THE SHOW HAS A LONG TITLE THAT I DON’T RECALL ANYMORE. PASCAL HACHEM

09 December 2017

© Copyright 2017 ArtAsiaPacific. Ned Carter Miles

The surface of a thing, by definition, is always the part of it that we see. It is the outermost layer that defines our idea of an object in both sight and memory; when we record or represent things remembered, we also often do so on a surface—paper, a canvas, a wall. In Pascal Hachem’s first solo exhibition in the United Kingdom, “The Show Has a Long Title That I Don’t Recall Anymore,” the Lebanese artist uses a number of new works to progressively alter superficies in unforeseeable ways, questioning in turn the capacity of impressions to remain accurate over time.

The three larger works in the exhibition, each of which occupied the majority of the wall or floor on which it was mounted, all involve surfaces being formed, damaged or changed. In Left Under (2017), several wire brushes are part of a mechanism driven by an electric motor, such that they constantly move up and down to scrape the gallery’s wall, progressively exposing and removing layers of paint from previous exhibitions and events, unevenly and unpredictably altering the wall’s surface so as to partially recall past states through glimpses of time gone by.

Notable in Left Under are the use of readymade, handheld implements and the lack of any attempt to conceal the mechanisms that control them, the combination of which suggests the absence of human involvement as the work strides forward in its function, as opposed to negating the maker’s hand altogether. This gave the exhibition’s several curious apparatuses the air of remnants, making references to quotidian human actions and states from the past that were now eerily played out in the repetition of motions, losing something of their essence with each iteration like faulty clockwork toys running to the ends of their springs. Again using domestic objects as components, Back to Square One (2017) is a motor-powered rack-and-pinion system with two household irons attached to either end of a linear gear. Each iron moves slowly back and forth through a mound of white flour—a staple food and symbol of community—working a flat but easily corruptible surface into the powder. Surrounded by thousand of chaotically arranged grains encroaching on either side, and subject to the slightest disruption by any number of external phenomena, this repetitive process of smoothing over a surface—on which some record of activity might be imprinted—edges toward futility, even self-defeat. As in Left Under, the wholeness and stability of the surface are constantly undermined.

The repetition at the core of these kinetic works does not serve to stabilize the surfaces that they process, but rather alters them by injecting doubt on the reliability of our readings of them, as well as the ways in which we might remember and interpret the past. The right leg of each pair of trousers suspended above a mirror in The Stone in My Pocket (2017) has a rock where the foot might be. As another motor-driven mechanism lifts the leg to knee-height before letting it thump back down, the accumulated impacts fragment the reflective surface beneath, aleatorically reconfiguring it while corrupting and erasing the image it previously carried. Again, the ability of a surface, like a memory, to reliably bear impressions over time is cast in doubt.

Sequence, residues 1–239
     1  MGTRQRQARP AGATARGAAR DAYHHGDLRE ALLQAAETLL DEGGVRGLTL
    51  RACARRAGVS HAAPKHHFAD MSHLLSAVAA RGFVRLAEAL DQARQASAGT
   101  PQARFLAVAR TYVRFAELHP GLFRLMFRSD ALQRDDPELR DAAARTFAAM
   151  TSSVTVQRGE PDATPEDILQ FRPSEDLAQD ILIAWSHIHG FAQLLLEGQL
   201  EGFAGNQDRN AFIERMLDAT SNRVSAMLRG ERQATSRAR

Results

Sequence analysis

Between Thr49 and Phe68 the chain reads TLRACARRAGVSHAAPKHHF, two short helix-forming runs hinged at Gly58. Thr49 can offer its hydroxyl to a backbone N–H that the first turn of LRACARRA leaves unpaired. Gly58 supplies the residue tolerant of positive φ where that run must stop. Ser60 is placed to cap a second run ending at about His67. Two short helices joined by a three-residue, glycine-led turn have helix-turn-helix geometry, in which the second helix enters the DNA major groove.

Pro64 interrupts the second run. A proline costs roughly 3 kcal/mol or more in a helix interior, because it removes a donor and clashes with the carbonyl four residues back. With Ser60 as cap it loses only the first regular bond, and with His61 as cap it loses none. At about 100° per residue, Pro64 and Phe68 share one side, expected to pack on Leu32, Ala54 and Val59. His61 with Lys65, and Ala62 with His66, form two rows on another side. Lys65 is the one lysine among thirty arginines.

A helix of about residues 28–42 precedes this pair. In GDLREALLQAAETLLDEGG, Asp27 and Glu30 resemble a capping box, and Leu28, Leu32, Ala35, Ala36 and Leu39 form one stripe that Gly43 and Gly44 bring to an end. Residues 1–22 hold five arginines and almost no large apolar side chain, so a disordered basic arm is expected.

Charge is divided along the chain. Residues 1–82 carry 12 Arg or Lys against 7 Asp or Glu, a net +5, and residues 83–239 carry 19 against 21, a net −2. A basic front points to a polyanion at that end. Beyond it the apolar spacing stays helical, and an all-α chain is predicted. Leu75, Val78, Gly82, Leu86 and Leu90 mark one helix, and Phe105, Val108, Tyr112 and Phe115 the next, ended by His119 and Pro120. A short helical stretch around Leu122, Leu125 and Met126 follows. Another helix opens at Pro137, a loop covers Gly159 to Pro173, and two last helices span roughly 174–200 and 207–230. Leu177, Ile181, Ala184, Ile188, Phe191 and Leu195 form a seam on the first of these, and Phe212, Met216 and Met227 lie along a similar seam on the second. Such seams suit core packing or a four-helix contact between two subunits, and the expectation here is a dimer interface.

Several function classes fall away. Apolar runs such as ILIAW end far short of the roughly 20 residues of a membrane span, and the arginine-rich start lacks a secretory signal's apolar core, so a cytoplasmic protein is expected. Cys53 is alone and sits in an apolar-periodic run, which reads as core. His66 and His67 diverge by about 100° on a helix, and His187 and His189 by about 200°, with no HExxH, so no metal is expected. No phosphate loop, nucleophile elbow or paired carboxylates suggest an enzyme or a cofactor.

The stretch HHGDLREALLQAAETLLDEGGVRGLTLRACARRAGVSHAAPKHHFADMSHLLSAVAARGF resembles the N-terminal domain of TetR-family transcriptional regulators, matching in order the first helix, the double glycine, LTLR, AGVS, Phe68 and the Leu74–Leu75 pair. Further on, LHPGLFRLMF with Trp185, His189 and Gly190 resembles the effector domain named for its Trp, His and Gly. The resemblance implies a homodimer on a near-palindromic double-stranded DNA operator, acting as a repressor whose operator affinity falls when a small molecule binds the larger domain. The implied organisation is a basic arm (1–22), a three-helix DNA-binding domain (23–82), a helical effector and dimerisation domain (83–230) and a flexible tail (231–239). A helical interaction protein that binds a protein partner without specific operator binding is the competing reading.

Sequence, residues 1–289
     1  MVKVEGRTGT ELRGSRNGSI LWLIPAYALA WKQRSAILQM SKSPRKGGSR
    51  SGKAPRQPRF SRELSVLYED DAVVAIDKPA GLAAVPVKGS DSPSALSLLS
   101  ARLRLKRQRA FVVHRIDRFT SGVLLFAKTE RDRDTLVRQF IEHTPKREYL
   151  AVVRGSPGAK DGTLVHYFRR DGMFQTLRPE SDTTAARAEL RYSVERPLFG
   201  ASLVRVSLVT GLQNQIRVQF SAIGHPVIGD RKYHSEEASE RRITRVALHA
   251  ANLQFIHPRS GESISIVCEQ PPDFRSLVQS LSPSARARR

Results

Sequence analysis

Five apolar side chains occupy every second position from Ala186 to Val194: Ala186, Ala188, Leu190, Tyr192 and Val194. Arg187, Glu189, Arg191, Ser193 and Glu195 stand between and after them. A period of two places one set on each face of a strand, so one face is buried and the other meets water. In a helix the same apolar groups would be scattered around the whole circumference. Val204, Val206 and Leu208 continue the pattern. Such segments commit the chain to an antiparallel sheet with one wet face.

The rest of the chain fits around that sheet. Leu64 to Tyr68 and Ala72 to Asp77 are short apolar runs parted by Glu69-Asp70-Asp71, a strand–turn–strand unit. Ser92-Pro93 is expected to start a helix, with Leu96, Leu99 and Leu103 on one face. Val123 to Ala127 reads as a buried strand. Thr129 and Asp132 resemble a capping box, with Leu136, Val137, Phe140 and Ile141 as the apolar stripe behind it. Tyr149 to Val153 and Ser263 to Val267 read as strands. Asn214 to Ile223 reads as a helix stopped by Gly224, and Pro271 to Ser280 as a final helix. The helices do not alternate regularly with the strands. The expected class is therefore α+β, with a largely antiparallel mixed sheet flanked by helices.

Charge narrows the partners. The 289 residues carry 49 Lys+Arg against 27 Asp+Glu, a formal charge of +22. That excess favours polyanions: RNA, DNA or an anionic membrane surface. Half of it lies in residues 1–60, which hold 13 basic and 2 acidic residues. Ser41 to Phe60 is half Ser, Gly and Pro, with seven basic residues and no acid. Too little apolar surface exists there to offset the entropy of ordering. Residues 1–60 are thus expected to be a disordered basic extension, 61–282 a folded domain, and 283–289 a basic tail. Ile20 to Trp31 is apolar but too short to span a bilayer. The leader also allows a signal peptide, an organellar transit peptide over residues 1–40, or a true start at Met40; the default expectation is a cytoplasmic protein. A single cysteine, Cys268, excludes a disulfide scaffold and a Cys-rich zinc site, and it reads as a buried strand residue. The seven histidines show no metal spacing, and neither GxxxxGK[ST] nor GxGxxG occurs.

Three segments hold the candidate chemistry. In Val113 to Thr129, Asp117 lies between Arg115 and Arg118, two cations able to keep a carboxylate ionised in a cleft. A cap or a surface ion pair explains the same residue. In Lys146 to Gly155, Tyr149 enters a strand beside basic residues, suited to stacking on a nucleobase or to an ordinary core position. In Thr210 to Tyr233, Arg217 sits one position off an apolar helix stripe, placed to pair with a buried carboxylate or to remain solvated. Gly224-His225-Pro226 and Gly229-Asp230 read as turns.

The most poignant and complex of the installations on show wasTears (2017). A series of plinths hold eyeglasses, each pair with one lens sandwiched between or compressed beneath clusters of concrete blocks and tiles, which were retrieved from demolished houses. This work was one of several non-kinetic pieces in the show, though Hachem’s use of materials here succeeds in creating a sense of human absence remembered—more so than in his other exhibited installations. Nonetheless, this is only one part of a complex nexus of meaning. In an evocative, almost violent symbiosis, the glasses are at once held in place and subject to damage by the small masses of rubble, and their surfaces simultaneously carry these marks and the function of elucidating others, suggesting that the act of seeing can also be subject to corruption. In critiquing the capacity of a given surface to reliably maintain an image, Hachem’s work does not tell us to ignore our memories, but—as with anything seen through mirrors, lenses, scratched walls or unstable surfaces—reminds us that they can be warped. Underlying it all, when considered in the context of the series of upheavals that have affected Beirut and Lebanon in the past few decades, changing physical, social and political landscapes alike, the surfaces here and how they retain images may reflect more than initially meets the eye.

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